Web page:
DOI: 10.14714/CP96.1631

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User-centered Design and Evaluation of a Geovisualization Application Leveraging Aggregated Quantified-Self Data

Jonathan K. Nelson, The Pennsylvania State University |

Alan M. MacEachren, The Pennsylvania State University |

Individual movement traces recorded by users of activity tracking applications such as Strava provide opportunities that extend beyond delivering personal value or insight to the individual who engages in these “quantified-self” (QS) activities. The large volumes of data generated by these individuals, when aggregated and anonymized, can be used by city planners, Departments of Transportation, advocacy groups, and researchers to help make cities safer and more efficient. This opportunity, however, is constrained by the technical skills and resources available to those tasked with assessing bicycling behavior in urban centers. This paper aims to address the question of how to design cartographic interfaces to serve as mediated platforms for making large amounts of individual bicycling data more accessible, usable, and actionable. Principles of cartographic representation, geovisual analytics techniques, and best practices in user interface/experience design are employed to arrive at an effective visualization tool for a broad urban planning audience. We use scenario-based design methods to encapsulate knowledge of map use practice gleaned from the development process, and conduct a post-implementation, two-part user study with seven domain experts to further assess the usability and utility of the interactive mapping tool.

KEYWORDS: cartographic design study; user-centered design; movement data; quantified-self (QS); urban planning


Advancements in global navigation satellite and positioning systems, together with the subsequent increase in use of geo-enabled tracking devices, have resulted in unprecedented amounts of individual movement data (Swan 2012; Laube 2015). These data are increasingly being generated using personal devices, such as smartphones and other wearables (e.g., augmented eyewear, pedometers, smartwatches, textiles, wristbands, etc.). At the most ambitious end of the self-tracking spectrum is the Quantified Self (QS) community, which is composed of individuals who believe in “self-knowledge through numbers” and who use these devices to track biological, physical, behavioral, environmental, and/or other information about themselves (Swan 2013).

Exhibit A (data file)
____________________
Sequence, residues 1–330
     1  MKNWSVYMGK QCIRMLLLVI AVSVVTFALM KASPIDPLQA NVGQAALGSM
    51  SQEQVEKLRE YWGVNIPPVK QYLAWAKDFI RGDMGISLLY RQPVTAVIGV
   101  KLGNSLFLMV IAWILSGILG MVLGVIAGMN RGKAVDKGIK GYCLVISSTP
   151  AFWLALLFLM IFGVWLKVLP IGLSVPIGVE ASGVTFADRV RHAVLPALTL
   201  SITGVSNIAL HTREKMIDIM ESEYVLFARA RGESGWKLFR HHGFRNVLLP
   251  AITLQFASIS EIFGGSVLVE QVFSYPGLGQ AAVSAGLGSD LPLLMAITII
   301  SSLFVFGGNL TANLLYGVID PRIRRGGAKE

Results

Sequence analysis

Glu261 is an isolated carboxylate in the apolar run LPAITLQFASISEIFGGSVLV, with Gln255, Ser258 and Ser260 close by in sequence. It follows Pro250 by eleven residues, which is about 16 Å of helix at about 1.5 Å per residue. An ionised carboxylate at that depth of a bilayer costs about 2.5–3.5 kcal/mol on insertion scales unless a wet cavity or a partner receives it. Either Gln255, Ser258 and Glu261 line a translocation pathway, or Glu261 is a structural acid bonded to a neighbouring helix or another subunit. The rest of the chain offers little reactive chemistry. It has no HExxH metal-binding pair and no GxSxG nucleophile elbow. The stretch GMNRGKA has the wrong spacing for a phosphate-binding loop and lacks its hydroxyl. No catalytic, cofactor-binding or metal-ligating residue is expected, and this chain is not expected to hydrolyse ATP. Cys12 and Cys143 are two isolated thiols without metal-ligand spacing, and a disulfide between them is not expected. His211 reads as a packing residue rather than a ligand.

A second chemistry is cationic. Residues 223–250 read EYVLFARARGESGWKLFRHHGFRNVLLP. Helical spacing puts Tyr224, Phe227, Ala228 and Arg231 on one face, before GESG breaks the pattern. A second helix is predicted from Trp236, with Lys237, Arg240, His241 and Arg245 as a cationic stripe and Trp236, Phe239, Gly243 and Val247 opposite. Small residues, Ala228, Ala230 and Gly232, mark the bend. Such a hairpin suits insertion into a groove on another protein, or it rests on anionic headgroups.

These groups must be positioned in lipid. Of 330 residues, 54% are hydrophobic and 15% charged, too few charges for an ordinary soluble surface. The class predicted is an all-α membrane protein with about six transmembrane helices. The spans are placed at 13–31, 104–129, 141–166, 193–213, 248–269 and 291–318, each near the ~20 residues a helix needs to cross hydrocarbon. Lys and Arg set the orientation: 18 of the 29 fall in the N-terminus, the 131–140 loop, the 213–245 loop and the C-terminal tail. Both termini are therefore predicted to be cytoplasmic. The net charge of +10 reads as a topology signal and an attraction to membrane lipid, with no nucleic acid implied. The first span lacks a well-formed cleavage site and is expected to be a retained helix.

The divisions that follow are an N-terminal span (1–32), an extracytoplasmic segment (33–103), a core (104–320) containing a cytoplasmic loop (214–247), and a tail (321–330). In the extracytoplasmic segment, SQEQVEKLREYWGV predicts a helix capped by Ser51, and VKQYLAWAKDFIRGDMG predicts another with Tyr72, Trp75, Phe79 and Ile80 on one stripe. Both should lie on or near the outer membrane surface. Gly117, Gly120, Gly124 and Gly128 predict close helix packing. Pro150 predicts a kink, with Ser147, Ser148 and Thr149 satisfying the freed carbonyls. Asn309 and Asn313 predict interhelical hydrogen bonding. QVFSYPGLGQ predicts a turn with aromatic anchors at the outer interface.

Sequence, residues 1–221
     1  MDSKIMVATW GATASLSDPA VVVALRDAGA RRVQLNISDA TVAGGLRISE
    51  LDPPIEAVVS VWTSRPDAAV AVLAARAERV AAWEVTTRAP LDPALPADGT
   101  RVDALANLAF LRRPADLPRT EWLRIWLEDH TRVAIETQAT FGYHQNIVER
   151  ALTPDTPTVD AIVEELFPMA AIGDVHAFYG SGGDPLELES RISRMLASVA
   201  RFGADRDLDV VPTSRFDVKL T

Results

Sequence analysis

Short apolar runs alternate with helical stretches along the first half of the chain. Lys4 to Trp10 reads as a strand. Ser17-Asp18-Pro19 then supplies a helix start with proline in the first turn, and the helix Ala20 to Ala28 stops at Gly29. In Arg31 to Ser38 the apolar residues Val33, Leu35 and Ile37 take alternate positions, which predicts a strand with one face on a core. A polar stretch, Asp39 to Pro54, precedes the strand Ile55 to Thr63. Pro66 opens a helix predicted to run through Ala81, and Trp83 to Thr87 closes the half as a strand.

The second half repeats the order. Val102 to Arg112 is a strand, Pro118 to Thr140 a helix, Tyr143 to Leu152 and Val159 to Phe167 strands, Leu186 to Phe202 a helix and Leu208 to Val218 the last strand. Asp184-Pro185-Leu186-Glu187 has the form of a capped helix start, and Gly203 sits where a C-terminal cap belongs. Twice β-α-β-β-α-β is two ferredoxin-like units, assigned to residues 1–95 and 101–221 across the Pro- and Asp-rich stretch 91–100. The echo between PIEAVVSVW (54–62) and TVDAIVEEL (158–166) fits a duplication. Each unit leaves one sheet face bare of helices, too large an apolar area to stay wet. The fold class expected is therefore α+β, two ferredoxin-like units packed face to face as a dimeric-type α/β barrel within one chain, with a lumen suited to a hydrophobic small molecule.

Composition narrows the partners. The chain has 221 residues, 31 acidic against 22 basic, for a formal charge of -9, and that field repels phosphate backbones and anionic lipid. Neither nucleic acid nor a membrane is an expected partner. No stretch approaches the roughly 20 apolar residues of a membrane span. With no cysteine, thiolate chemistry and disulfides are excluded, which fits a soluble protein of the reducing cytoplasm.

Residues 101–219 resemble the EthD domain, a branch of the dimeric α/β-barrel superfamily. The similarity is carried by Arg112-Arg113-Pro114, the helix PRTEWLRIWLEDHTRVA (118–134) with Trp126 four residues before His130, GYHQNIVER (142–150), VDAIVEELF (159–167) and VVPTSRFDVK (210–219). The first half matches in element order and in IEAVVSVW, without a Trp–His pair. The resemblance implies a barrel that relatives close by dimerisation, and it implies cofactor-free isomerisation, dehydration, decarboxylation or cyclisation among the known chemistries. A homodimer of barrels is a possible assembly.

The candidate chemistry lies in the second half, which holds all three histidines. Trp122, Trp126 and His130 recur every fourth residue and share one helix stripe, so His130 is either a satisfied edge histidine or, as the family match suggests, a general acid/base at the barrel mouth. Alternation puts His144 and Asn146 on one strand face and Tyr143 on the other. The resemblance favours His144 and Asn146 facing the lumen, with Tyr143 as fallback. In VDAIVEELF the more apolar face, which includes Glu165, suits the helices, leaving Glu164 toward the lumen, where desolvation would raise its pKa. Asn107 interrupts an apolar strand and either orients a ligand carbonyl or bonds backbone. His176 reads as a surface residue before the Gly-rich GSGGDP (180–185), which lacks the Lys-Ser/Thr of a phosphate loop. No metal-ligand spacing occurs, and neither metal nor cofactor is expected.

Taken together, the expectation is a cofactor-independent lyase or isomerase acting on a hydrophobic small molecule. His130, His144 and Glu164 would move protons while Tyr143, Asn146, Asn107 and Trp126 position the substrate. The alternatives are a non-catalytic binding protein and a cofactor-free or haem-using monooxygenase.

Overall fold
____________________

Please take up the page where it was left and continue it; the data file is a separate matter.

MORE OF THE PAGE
The movement data generated by quantified-selfers can offer more than just direct personal insight to the individual who engages in QS activities. The large volumes of data generated by these individuals, when aggregated and anonymized, can also be used to inform city safety (Zeile et al. 2015), preferential route choices (Baker et al. 2017), and air pollution exposure (Sun and Mobasheri 2017). Ubiquitous computing and Internet of Things (IoT) technologies create further potential for integrating individual movement data into smart city initiatives, such as traffic congestion monitoring (Zanella et al. 2014). This can result in a more humanized, bottom-up approach to city planning (Smyth et al. 2013). The opportunity, however, is constrained by the technical skills and resources available to those tasked with assessing bicyclist or pedestrian behavior in urban centers. This paper aims to address the question of how to design interactive mapping tools that can help urban and transportation planners leverage personal fitness data to better inform infrastructure decisions that aid in the safe and efficient movement of bicyclists?

More specifically, in this problem-driven research, we examine the design of a commercial interactive cartographic application intended to support urban and regional planning. The interactive mapping tools considered in this design study are focused on utilizing large volumes of individual movement data contributed voluntarily by users of an activity tracking application, Strava. Metro is a small division of Strava (the company, which shares a name with its application) that aggregates and anonymizes data on bicycling activities recorded on the platform, and licenses these data to a variety of organizations that are taking data-driven approaches to city planning. Based on a needs assessment and work domain analysis carried out by the first author while employed by Strava, the following insights emerged:

There existed a disconnect between what Strava Metro assumed data users were capable of (in terms of big data management, analysis, and visualization), and the reality of their time, resources, and abilities.

Data users faced significant challenges with data size/complexity, resulting in frustration, confusion, and limited ability to extract value from the data.

Most data users aimed to accomplish some variant of the following tasks: quantify/qualify ridership; distinguish between commute and recreational bicycling corridors; and identify candidate areas for modifying or creating new bicycle facilities.

Thus, we set out to develop a partnership with data users to alleviate their frustration and help address their needs. More specifically, we initiated a multi-year, user-centered design study to develop a geovisualization tool to make Metro data more accessible to stakeholders in the city planning process. These stakeholders may possess limited, or even no experience with geographic information systems (GIS) or spatial analysis. However, the tool should also support more advanced analysts, and offer immediate insights into the fundamental tasks outlined above. A major contribution of our work is the methodological framework we present for evaluating the extent to which the proposed design solution addresses the needs outlined above.